It is made worse by the fact that some of the people answering the relevant BT sales lines would have difficulty finding their bottom with a torch and a map. For example, one BT 'droid' got quite annoyed when insisting (wrongly) that the Caller Redirect was £25 per month, rather than per quarter. Another messed up a request for Ring Back Inhibit, the free stopping of callers to your number using the Ring Back When Free'Ring back when free' allows callers who get an engaged tone to say 'automatically call me when the number I'm calling stops being engaged. It's great when calling a friend, but for a phoneline, it's … Continue reading service, and marked us down as wanting the £4-odd per quarter Ring Back No FeeAllowing you to use 'Ring back when free' without paying each time. service instead. And I made the mistake of believing a third who insisted we couldn't have Smart Divert on a residential line (you can, but you can't have a special deal we didn't want bundling it with another service we don't want) so we ended up wasting time and effort converting a residential line to a business line… and back again.
But I think it's all sorted out. We've certainly been receiving calls on the new setup. And we're going to use all this as an opportunity to have a bit of a publicity campaign.
The end result is that the next year will cost us about twice what it otherwise would, and subsequent years will cost about 50% more. But at least we shouldn't have to go through this ever again. If the current host of the answerphone (me) moves, we'll be able to keep the same 0845 number and move where it ends up with a simple phone call.
What makes me optimistic about that is the way our 0845 providers proved more efficient than expected (they said it'd take a week to set up, but in fact took just two days) and no shifts were missed.
Their surprising speed did mean that callers one Friday got an old answerphone message that was only slightly more polite than 'leave a message, you bastard' but I was quite amused to see that two people actually did. One was from a London GLB project that a) really should have known the answer to the question they wanted answering, especially given how much they get in grants and b) really should have given me the job I applied for with them a year ago.I couldn't remember which one that was at first – I knew it wasn't Stonewall, because I wouldn't have called that Gay, Lesbian, & Bisexual at the time. The job reference means it was … Continue reading The other was from someone looking for a date that night for his bi girlfriend…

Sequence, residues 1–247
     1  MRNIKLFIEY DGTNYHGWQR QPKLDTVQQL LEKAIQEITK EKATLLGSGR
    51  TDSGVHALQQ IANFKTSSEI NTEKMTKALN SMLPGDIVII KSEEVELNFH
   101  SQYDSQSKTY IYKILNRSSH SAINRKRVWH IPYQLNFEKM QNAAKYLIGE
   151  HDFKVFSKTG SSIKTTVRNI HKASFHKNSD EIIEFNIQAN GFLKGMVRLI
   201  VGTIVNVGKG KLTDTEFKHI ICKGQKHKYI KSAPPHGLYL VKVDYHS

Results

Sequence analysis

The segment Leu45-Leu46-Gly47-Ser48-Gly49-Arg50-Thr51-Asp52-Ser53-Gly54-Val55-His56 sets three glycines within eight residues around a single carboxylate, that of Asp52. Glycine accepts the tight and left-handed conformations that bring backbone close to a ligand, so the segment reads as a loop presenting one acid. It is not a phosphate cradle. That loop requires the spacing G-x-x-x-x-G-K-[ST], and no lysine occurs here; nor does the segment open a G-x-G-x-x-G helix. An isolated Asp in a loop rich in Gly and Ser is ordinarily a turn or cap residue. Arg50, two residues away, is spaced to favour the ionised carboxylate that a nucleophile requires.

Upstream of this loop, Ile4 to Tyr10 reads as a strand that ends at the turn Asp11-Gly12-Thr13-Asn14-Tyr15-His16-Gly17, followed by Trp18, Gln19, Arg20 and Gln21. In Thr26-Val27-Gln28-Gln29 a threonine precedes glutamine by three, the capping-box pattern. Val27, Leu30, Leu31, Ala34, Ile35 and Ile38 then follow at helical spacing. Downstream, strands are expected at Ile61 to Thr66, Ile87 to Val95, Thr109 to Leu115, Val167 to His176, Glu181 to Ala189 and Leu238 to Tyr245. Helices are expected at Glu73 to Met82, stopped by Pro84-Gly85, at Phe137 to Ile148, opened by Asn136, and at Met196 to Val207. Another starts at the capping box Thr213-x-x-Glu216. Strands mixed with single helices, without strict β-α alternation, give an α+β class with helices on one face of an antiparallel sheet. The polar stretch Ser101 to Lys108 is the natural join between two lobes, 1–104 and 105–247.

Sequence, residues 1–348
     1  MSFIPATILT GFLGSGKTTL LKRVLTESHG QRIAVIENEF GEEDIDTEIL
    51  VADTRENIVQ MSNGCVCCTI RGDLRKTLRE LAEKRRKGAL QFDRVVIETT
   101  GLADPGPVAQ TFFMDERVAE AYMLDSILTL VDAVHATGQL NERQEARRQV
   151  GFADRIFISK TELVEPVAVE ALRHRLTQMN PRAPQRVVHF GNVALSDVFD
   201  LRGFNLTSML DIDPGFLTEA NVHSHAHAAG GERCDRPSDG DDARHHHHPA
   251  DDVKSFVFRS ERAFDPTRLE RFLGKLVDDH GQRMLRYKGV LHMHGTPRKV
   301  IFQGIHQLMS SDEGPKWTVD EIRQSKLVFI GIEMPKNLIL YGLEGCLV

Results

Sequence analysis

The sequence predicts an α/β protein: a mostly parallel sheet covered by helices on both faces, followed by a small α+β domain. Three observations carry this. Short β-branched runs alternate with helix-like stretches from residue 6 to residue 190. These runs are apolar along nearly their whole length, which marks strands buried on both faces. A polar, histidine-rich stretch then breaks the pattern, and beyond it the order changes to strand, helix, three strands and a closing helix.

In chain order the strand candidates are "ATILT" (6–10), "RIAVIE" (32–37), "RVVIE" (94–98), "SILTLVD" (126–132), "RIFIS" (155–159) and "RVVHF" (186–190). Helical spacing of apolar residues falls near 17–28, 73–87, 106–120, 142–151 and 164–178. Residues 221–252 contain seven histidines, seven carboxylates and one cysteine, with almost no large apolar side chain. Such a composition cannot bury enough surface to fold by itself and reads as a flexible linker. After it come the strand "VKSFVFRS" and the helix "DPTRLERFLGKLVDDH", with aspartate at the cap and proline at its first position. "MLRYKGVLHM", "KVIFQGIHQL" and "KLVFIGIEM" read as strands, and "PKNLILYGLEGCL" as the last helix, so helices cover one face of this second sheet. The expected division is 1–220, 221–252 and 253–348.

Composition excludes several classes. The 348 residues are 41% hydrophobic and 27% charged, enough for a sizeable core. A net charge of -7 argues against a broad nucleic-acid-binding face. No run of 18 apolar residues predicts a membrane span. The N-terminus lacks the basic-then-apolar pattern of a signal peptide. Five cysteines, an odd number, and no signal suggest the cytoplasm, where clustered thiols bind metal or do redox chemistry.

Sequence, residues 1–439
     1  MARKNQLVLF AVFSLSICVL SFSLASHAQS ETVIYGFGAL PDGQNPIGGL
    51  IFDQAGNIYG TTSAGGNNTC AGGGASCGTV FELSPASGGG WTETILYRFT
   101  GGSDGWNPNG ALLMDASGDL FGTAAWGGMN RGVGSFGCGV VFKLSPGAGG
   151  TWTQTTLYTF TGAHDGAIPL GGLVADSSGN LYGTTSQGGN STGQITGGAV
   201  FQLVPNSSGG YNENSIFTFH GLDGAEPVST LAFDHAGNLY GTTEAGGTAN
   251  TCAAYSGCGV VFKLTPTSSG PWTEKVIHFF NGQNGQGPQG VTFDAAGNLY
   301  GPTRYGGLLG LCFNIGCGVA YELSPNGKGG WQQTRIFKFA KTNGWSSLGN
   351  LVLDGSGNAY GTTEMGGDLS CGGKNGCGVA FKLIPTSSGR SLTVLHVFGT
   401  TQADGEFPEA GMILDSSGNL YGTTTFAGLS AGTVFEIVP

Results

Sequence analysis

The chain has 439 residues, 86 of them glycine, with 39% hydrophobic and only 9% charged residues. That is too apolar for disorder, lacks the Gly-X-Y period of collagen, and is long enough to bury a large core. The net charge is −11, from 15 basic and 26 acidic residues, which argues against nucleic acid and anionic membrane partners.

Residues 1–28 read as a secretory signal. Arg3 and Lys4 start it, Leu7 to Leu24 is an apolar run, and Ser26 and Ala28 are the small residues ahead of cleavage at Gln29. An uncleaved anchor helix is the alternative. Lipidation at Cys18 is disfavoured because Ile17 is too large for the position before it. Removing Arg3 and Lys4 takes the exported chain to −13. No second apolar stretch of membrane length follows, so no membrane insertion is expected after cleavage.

Of course, it didn't turn out quite that simple. The pile of paperwork you get from BT when you do something like this revealed, on close inspection, that we'd been paying for years for a 'fast repair' service we've never used. That was cancelled… and strangely, the line suffered a failure immediately afterwards. Odd that. Added to BT managing to change the PIN used to control Smart Divert without bothering to tell us, that meant that we did, in fact, miss a couple of shifts.
But given the effort involved to ensure the line's survival, I don't think that's too bad.
|↑1||At the time, BT had an almost complete monopoly on residential landlines. Of course, they used this to exploit their customers. A number of firms had used cheap prices to buy phone capacity in bulk and started 'carrier pre-select' businesses – by, for example, dialling a short prefix before the number you actually wanted, you said 'I want this call to be billed by Swiftcall (or whoever) not BT' – that could save customers lots of money. This was especially true for international calls, but also applied to UK calls too.|
BT Together was the response: in exchange for a small-ish fee on your BT bill, the actual cost of UK calls would be less. Customers were often put on it by default, so even if you used an alternative carrier, BT still got more money from you. Alternative carriers complained, OfCom sided with BT.
|↑2||Since this was written, the cost of getting an 0845 number has fallen – you can certainly get a free one and may well find someone willing to pay you to have one – because the cost of calling them has risen.|
|↑3||In 1998, BT were given a "final reminder" by their regulator over their failure to make "an accurate and comprehensible" price list easily available.|
In June 2020, the BT "price guide" to residential customers is 217 pages long, up from 134 pages in October 2016. I strongly suspect it's not complete: there aren't nearly enough pages on products and services that aren't available to new customers but are doubtless still being charged to people who are still on them.
|↑4||'Ring back when free' allows callers who get an engaged tone to say 'automatically call me when the number I'm calling stops being engaged. It's great when calling a friend, but for a phoneline, it's a nightmare and means that if you're busy, the only callers you'll get are people able and prepared to use it.|
Typically of BT, you had to actively stop people using it when calling your number.
|↑5||Allowing you to use 'Ring back when free' without paying each time.|
|↑6||I couldn't remember which one that was at first – I knew it wasn't Stonewall, because I wouldn't have called that Gay, Lesbian, & Bisexual at the time. The job reference means it was probably an HIV service in East London, then known as London East AIDS Network (LEAN) and now called Positive East.|